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Why was it raining ash around LSU campus Friday? An agricultural expert explains | News

Baton Rouge residents were caught off guard Friday when they found what looked like black ash raining down on LSU’s campus.

“Currently ‘raining’ thin black pieces of ash or plastic in BR around campus. This one landed on my car,” wrote Twitter user Courtney Layne Brewer.

Brewer included a photo of a piece of black ash on her finger as proof. Other Twitter users were more cavalier about the experience. 

“It’s currently raining black scraps of ash in Baton Rouge nbd,” Ferris Wayne McDaniel noted

After a student contacted LSU’s official Twitter account about the issue, LSU responded: “Thank you for reaching out. It is ash from sugarcane fields that are being burned across the Mississippi River in West Baton Rouge Parish.” 

Ernie Ballard, LSU’s director of media relations, said LSU learned about the sugarcane fields from West Baton Rouge law enforcement. 

While some people were alarmed by the sight of the black flecks floating over the university, Mark Carriere with the LSU Agricultural Center said rural Louisiana students probably weren’t too surprised by the phenomenon.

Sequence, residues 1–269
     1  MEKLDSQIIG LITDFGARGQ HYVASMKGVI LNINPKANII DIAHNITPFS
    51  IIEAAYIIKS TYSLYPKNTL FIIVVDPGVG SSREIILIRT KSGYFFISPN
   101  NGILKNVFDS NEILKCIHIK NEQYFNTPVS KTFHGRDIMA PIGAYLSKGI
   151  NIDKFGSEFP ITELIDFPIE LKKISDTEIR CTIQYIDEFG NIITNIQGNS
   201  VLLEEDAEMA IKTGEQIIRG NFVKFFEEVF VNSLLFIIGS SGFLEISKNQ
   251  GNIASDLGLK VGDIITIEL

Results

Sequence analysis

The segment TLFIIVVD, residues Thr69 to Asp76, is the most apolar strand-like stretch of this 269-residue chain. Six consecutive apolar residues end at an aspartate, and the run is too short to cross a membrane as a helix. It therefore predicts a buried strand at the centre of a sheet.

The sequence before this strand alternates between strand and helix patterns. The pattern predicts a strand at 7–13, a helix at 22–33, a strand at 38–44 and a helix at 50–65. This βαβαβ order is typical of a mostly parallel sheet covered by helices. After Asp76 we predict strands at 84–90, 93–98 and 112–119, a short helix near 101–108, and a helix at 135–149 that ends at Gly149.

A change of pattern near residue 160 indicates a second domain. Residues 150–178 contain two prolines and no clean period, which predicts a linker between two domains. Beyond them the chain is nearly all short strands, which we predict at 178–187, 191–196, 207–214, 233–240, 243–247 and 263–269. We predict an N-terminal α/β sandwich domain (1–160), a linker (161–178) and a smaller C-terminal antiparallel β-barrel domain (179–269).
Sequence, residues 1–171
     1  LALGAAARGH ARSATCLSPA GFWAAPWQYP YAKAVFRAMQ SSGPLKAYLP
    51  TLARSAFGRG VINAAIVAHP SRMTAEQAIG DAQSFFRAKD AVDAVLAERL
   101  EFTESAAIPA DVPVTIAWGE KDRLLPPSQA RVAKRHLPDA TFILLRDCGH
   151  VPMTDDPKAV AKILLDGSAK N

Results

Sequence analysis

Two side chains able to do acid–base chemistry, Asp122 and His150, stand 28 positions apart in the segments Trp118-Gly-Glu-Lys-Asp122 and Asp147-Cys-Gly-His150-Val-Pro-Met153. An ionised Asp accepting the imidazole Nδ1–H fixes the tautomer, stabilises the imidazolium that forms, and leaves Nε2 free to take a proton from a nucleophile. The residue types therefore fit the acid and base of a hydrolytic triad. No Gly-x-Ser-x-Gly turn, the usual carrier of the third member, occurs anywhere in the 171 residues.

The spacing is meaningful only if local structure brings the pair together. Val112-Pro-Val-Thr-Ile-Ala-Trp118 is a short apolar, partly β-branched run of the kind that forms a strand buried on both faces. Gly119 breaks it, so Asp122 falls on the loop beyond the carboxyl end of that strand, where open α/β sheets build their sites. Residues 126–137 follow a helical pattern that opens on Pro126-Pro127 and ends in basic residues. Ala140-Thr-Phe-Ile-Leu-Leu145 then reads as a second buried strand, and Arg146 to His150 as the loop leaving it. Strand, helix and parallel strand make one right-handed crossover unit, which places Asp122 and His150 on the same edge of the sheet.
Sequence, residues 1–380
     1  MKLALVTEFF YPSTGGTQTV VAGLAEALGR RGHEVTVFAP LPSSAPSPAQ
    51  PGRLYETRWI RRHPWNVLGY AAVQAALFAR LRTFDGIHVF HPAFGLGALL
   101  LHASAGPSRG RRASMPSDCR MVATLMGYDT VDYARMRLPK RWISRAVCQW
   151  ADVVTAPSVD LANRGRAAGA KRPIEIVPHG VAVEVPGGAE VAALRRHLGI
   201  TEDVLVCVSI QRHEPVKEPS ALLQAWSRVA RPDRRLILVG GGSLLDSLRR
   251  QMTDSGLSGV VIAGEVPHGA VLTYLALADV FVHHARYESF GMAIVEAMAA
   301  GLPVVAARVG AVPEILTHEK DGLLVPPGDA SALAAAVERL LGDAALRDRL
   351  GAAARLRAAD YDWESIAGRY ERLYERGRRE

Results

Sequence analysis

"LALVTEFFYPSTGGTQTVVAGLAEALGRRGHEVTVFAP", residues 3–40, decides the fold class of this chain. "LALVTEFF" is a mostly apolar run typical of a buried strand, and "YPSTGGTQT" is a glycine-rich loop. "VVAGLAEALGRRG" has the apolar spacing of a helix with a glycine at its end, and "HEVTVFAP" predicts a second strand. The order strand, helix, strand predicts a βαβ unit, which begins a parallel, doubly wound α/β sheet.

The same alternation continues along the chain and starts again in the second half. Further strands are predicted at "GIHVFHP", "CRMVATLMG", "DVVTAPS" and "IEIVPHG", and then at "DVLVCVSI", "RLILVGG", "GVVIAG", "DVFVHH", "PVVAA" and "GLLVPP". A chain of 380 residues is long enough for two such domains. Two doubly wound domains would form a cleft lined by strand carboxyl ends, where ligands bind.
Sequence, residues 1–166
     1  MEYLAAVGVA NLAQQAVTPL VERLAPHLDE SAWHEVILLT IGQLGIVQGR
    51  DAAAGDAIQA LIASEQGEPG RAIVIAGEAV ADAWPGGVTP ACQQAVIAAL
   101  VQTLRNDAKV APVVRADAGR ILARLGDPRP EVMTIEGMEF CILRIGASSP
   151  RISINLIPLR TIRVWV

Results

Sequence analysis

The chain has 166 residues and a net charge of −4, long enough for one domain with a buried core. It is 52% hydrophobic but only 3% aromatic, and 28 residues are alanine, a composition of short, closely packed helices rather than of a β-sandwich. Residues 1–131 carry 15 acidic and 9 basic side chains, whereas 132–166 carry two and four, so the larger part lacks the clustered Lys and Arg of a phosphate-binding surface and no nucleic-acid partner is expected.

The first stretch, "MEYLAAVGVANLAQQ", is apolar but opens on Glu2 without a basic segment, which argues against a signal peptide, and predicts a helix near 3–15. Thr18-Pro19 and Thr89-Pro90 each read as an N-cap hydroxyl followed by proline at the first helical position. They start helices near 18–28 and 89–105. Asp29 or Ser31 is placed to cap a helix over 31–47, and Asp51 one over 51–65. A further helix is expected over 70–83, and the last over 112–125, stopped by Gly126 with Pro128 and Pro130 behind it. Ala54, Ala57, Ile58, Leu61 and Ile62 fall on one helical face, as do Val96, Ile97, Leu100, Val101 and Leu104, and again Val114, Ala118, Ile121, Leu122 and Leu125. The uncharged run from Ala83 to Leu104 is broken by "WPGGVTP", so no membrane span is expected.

“If you didn’t grow up in the country around sugarcane fields, you don’t know what’s going on,” Carriere said. “But yeah, it’s a normal agricultural practice.”

Carriere, who works as the Ag Center’s associate county agent in Pointe Coupee, West Baton Rouge and Iberville parishes, explained that sugarcane producers burn their fields to remove all the added debris that remains from harvesting sugarcane.

He said that the leafy green material near the top of the sugarcane stalk left over after a combine passes through the field is essentially added trash that can slow down the process at the sugar mill. It gets blown out onto the field and farmers burn what’s left on top of the beds.

“Each one of the producers that grow sugarcane has to go through a smoke and ash management training and they have to be certified as a burn manager to be able to actually burn their fields,” Carriere said. “They have to watch the weather reports and the wind.”

More than likely, Carriere said, the wind changed while a farmer was burning their fields, or the fields were so close to the Mississippi River that it didn’t take much of a breeze for the ash to drift toward East Baton Rouge Parish.

Carriere emphasized that the ash is safe and shouldn’t worry Baton Rouge residents.

“It’s just the black, sooty material coming from the smoke,” he said. “There’s no threat of fire or anything to be concerned about.

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